PROVO Raise a glass, everybody, and toast the students at Brigham Young University.
BYU, this milk's for you.
For a record ninth year in a row, BYU is ranked No. 1 on the Princeton Review's "Stone Cold Sober" list.
The university is also No. 1 on the publication's "Got Milk?" list for low rates of beer drinking. That, it turns out, is doubly appropriate. The favorite drink on campus, by far, is white milk the campus community consumed 338,000 gallons of the substance on campus in 2005.
The second most popular drink at BYU?
Folks chugged 75,000 gallons of chocolate milk at BYU last year.
Beer, obviously, isn't available. It's banned by the Honor Code of the university owned by The Church of Jesus Christ of Latter-day Saints. But root beer came in fifth, behind Dasani-brand water and Powerade.
BYU students also are considered the nation's most religious and are on top of the "Don't Inhale" list for low marijuana use. In fact, BYU is ranked first more times five and appears on more lists 14 than any other school in the latest edition of the Princeton Review's "Best 361 Colleges" book.
But the "Stone Cold Sober" list is easily BYU's favorite. Proof of that came in 2003, when LDS Church President Gordon B. Hinckley referred gratefully to the university's top ranking during the inauguration of BYU President Cecil Samuelson.
The Princeton Review is often criticized for its list of the top party schools this year the University of Texas at Austin is No. 1 because of the company's methodology. The chancellor of last year's top party school, the University of Wisconsin, called it "junk science."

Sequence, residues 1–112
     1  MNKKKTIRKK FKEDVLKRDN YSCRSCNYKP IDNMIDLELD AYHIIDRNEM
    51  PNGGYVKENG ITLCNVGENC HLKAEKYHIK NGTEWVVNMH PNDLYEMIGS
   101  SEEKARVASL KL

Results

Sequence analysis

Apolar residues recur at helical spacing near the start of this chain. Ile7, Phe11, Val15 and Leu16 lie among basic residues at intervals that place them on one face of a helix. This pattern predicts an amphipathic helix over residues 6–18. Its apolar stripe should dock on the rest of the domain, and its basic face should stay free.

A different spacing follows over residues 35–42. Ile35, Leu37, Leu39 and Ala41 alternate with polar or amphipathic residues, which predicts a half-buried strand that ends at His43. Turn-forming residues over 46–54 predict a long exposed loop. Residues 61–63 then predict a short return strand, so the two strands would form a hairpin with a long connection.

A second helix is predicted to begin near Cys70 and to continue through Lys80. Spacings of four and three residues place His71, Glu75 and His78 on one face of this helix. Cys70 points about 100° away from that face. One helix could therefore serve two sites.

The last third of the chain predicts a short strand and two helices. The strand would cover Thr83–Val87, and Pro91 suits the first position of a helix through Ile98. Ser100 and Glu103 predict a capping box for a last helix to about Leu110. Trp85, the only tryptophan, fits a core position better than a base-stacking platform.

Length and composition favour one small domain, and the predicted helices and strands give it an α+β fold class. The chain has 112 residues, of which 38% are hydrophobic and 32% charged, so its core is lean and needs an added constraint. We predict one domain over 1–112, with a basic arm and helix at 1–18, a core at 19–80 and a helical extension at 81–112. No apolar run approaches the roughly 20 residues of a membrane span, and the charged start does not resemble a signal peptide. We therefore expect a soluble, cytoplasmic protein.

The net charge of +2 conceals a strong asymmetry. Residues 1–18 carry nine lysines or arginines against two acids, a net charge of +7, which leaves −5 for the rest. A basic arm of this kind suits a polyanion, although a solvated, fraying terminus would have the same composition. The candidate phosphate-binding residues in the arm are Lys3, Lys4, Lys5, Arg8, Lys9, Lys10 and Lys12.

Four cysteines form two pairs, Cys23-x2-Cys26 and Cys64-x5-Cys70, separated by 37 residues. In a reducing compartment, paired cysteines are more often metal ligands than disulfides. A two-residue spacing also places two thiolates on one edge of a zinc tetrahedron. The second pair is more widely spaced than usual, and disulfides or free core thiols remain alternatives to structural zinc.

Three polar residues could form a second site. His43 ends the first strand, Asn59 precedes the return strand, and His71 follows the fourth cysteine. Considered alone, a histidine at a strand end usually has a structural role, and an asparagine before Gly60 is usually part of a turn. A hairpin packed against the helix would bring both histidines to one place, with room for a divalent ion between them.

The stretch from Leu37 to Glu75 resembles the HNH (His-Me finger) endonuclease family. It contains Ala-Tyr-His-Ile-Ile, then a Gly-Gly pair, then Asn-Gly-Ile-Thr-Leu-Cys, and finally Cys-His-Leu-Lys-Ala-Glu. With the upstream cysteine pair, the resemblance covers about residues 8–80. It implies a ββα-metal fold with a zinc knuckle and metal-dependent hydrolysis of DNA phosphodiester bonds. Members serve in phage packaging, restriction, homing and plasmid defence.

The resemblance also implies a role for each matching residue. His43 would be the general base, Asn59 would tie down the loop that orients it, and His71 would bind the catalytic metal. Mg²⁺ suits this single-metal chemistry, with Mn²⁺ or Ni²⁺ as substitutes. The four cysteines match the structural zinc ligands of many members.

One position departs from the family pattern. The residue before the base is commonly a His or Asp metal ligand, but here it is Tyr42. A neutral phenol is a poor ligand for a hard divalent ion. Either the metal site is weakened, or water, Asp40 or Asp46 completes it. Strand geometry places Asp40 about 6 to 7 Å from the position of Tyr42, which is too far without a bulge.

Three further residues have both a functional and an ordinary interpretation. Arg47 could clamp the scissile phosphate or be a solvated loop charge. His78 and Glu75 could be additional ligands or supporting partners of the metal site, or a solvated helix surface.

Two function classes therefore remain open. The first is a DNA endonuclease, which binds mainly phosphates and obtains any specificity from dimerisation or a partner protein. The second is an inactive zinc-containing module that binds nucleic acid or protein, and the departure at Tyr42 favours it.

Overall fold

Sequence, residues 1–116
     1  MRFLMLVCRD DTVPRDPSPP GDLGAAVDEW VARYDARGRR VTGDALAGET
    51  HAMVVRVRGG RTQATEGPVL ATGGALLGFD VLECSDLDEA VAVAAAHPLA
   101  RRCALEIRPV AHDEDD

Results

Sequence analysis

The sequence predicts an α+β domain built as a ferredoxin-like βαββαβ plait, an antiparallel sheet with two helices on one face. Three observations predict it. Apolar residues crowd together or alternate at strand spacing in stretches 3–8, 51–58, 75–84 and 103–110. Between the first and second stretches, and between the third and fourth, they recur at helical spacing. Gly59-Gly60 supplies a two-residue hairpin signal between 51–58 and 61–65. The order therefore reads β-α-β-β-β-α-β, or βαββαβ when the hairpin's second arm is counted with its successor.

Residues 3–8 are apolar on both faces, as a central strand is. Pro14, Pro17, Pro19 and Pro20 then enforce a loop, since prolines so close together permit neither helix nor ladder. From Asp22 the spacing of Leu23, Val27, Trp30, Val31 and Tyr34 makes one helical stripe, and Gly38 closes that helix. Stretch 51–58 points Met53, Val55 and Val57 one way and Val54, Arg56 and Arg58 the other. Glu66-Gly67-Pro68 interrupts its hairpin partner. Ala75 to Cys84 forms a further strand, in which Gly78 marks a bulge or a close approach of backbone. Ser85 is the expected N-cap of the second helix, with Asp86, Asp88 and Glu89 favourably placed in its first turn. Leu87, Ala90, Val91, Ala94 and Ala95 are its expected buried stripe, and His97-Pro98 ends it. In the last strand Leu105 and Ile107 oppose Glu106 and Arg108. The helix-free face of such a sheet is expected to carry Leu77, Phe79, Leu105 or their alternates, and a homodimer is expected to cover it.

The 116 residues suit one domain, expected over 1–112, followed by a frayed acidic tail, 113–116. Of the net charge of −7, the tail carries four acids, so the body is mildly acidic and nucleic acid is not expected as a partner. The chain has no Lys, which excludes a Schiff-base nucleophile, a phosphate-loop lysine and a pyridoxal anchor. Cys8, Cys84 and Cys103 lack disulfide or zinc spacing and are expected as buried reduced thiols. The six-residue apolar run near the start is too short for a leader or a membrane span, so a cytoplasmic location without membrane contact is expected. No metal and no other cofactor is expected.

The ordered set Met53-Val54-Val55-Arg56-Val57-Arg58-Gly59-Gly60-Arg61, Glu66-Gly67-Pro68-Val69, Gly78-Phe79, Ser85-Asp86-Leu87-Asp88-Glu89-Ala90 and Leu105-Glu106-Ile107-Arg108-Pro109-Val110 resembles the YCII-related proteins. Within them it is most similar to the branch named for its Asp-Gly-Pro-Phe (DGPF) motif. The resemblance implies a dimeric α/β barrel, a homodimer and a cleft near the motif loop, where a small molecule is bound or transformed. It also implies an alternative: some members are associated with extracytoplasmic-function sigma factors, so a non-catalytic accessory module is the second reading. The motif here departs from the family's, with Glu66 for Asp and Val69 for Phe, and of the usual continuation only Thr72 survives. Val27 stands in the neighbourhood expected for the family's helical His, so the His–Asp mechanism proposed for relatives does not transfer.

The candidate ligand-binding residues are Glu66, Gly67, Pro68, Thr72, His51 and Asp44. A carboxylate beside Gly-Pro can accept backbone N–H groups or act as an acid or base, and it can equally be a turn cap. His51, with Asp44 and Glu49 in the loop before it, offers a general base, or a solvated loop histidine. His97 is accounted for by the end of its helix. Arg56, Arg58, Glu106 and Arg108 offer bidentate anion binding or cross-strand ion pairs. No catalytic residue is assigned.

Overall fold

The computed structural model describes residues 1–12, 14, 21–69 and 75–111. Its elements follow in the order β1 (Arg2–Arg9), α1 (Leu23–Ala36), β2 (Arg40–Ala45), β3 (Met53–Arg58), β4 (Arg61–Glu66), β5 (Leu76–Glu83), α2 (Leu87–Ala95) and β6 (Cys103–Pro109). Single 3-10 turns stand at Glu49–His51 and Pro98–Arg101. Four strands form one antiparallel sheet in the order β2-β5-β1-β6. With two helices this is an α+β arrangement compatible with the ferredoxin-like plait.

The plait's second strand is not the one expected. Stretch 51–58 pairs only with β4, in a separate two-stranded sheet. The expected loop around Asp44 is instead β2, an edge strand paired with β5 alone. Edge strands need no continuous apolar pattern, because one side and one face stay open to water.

Editorial director Rob Franek believes the Princeton Review's methods are unique and powerful. The lists are generated by a nonscientific but massive sampling of American college students.
"We received back a little over 115,000 surveys this year from students at those 361 schools," Franek said. "The purpose of all of our ranking lists and the narratives in the book is to make college-bound students and their parents savvy and well-prepared to select a college that's the right fit."
The top party school changes every year, often as the school cracks down on binge drinking and parties because of negative publicity tied to the Princeton Review ranking.
Meanwhile, BYU maintains a proud death-grip on the No. 1 spot for sobriety.
"Nobody else has been ranked No. 1 on one list nine years in a row," Franek said.
Franek said the Princeton Review won't retire the category the way sports teams retire the jerseys of their greatest players. So, how about a Hall of Fame?
"A Princeton Review Hall of Fame?" he said, laughing. "A 10th year at No. 1 for BYU would be a great reason to start one."
The only mystery left now is why BYU's dominance, now longer than the dynastic run of the Boston Celtics eight straight NBA championships didn't start earlier.
In 1997, BYU, which had been second on the "Stone Cold Sober" list the year before, was left out of the top 10. The headline in the Deseret Morning News the next day announced the shocking news: "What an affront!"
The winner that year was the California Institute of Technology. Caltech has been among runners-up to BYU ever since.
Franek didn't join the Princeton Review until the following year and doesn't have an answer for the 1997 omission. The best speculation is there was a disconnect in the paper surveys done at the time. Now, 93 percent of the surveys are completed online.
"The Best 361 Colleges" goes on sale today. It includes a two-page profile on each school. The list will be available to the public Tuesday at www.PrincetonReview.com.
BYU students also ranked No. 1 for "Future Rotarians and Daughters of the American Revolution," No. 2 for "Scotch and Soda, Hold the Scotch" (low use of hard liquor), No. 3 for low acceptance of the gay community and for right-leaning politics and No. 4 for best college library.
It also was mentioned for best quality of life, good relations with its host city, participation in intramural sports, happiest students and good administration.
University of Utah students complained about their lack of access to professors (eighth-worst in the country) and ranked No. 9 for most religious. U. students also were 18th for low acceptance of the gay community.